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Richard Rubin in 2008. (IJ photo/Robert Tong)

THE CONTROVERSY raging in Strawberry over proposed high-density housing development on property owned by the Golden Gate Baptist Theological Seminary shows no signs of abating.

In fact it may just be heating up.

The reasons for the citizen uprising are understandable and it was predictable.

Clearly, there was a hardening of positions when irate residents were not brought into the public process early enough. Whether that was by design or default is not known. 

However, when a small, informed community is confronted with decisions made from on high without sufficient explanation there is bound to be reaction.

As an unincorporated area lacking any formal political voice in its affairs, that duty falls upon its county representative who in this case is the newly-installed Board of Supervisors President Kate Sears of Sausalito.

Sears, a Harvard-trained lawyer formerly with the state Attorney General's office where she got high marks for her handling of tough cases, was elected without opposition after appointment by the Gov. Jerry Brown to the spot left vacant by the untimely death of Supervisor Charles McGlashan.

Sears was barely seated when the storm clouds over Strawberry were already gathering.
In designating the seminary a Priority Development Area (PDA) in Plan Bay Area's implementation and thus an eligible site for subsidized housing, the degree of unhappiness may not have been anticipated. It should have been.

Similar problems facing her colleague, Supervisor Susan Adams, the target of a recall involving development of Marinwood Plaza, served fair warning this issue would not go away quickly.

A contentious meeting with Strawberry residents in August kindled temperatures even further. Repeated requests for an up-or-down vote by the supervisors to have the Strawberry PDA removed have been rebuffed on grounds that non-compliance with state housing mandates could jeopardize millions of dollars in transportation funding.

Given that, Sears contends that resolution of this issue rests appropriately with the Transportation Authority of Marin, which opponents dispute since it has no authority over PDA designations. They say PDAs are a voluntary determination for each community.
There is some speculation that the seminary, to assure sale of the highly valuable real estate, may be taking advantage of the county's reinterpretation of its decades-old master plan zoning regulations, which called for 2.47 units per acre of subsidized housing on the property.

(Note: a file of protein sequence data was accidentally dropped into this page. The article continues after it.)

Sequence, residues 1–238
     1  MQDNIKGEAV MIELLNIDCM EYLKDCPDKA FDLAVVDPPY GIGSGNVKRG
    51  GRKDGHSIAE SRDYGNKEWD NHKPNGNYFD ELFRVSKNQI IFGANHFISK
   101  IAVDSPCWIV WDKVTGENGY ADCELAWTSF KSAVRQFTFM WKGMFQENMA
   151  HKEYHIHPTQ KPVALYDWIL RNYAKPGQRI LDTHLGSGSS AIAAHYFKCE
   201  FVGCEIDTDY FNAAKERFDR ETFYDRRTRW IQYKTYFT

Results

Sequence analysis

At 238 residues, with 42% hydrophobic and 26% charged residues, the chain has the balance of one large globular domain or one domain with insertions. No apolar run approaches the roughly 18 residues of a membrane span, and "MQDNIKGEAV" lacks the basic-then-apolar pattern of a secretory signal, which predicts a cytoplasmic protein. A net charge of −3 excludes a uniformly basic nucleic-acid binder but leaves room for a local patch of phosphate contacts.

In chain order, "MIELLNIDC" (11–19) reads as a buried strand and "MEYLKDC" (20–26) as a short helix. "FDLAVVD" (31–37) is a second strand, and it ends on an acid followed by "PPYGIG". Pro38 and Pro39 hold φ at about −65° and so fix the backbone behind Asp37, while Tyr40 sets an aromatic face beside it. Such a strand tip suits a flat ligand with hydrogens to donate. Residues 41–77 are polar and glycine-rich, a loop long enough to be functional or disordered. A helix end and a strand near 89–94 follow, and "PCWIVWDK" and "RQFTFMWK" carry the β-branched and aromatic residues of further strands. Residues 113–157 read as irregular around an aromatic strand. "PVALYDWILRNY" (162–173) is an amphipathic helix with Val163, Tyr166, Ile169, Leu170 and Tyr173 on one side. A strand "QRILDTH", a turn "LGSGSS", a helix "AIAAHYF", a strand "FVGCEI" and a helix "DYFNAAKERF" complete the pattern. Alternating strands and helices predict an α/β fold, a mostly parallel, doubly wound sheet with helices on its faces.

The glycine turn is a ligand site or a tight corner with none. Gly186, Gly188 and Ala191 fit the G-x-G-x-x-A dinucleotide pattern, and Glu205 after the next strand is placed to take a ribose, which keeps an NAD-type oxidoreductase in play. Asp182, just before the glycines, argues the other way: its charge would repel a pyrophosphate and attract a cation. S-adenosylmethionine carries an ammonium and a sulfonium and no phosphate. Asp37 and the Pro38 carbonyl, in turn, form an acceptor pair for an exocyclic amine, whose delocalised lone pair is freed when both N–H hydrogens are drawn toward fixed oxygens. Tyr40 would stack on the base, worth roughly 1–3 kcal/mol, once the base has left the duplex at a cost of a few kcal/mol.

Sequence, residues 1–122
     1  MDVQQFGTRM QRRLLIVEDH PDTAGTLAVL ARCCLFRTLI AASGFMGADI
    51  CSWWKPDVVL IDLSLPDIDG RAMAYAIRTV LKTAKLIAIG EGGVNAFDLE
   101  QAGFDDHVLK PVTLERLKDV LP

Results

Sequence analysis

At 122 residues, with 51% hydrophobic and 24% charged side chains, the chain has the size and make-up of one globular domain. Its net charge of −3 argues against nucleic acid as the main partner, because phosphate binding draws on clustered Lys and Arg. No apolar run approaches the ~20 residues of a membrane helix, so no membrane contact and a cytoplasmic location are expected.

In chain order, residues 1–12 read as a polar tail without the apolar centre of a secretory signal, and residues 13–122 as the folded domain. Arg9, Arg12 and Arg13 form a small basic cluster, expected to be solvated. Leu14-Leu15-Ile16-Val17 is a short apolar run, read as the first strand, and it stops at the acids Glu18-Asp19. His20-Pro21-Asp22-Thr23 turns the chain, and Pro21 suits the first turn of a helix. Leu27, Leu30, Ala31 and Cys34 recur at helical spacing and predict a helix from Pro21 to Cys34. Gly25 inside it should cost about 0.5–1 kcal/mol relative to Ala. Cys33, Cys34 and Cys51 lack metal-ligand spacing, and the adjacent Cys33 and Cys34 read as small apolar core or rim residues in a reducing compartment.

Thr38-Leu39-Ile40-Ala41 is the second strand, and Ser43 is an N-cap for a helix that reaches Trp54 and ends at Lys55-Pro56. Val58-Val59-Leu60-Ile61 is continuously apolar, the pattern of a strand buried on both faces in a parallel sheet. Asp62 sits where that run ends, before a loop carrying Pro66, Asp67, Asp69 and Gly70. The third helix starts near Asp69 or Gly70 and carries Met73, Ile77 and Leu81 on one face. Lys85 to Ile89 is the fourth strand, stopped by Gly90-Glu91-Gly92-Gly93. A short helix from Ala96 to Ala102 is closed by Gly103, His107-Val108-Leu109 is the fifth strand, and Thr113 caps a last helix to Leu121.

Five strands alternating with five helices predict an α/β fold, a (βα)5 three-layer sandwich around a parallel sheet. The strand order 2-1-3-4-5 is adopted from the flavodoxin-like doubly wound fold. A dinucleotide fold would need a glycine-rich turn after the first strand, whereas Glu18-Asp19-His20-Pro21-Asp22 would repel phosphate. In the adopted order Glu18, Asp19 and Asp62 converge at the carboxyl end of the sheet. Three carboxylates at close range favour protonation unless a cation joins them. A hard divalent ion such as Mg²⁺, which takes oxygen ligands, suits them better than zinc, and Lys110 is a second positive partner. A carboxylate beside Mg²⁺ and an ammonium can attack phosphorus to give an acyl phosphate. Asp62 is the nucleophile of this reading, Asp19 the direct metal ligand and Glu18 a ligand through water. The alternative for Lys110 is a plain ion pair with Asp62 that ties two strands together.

By invoking so-called Affordable Housing Combined District map overlays, 30 units per acre of high density or "clustered" housing as county planners prefer to call it, are permissible.
The Strawberry Community Plan, ratified by the county in 1982, advocated the lower densities.

In support of its position, opponents cite census-backed statistics which show that only 39 percent of Strawberry's housing stock is owner occupied in contrast with 63 percent for the county.

This goes to the nub of citizen grievances. The theory behind the sustainable communities concept, they argue, is for fair and equitable distribution of the housing mix without imposing excessive burdens on any single community.

Marinwood and Tam Valley were able to opt out and Novato has negotiated a deal with the state for 20-23-units-per-acre densities.

Opponents see this as a blatant attempt to apply different standards to different communities, and if the goal is to promote high density developments next to city-centered transit corridors to best serve urban populations, there is justification for saying this misses the mark.

The seminary has not yet signaled if it will go along with the county's plans. But if this process has been in any way influenced by forces that may not be compatible with Strawberry's legitimate interests in its own destiny, corrective actions are still possible and full transparency is required.

As our neighborhoods evolve and grow, change is inevitable, including our housing needs. County officials can recommend changes. Decisions on how best to implement and manage those changes are a right reserved to each community. Strawberry is no exception.
Richard Rubin of Strawberry writes about political issues and is president of a public affairs management firm. His email is His blog is at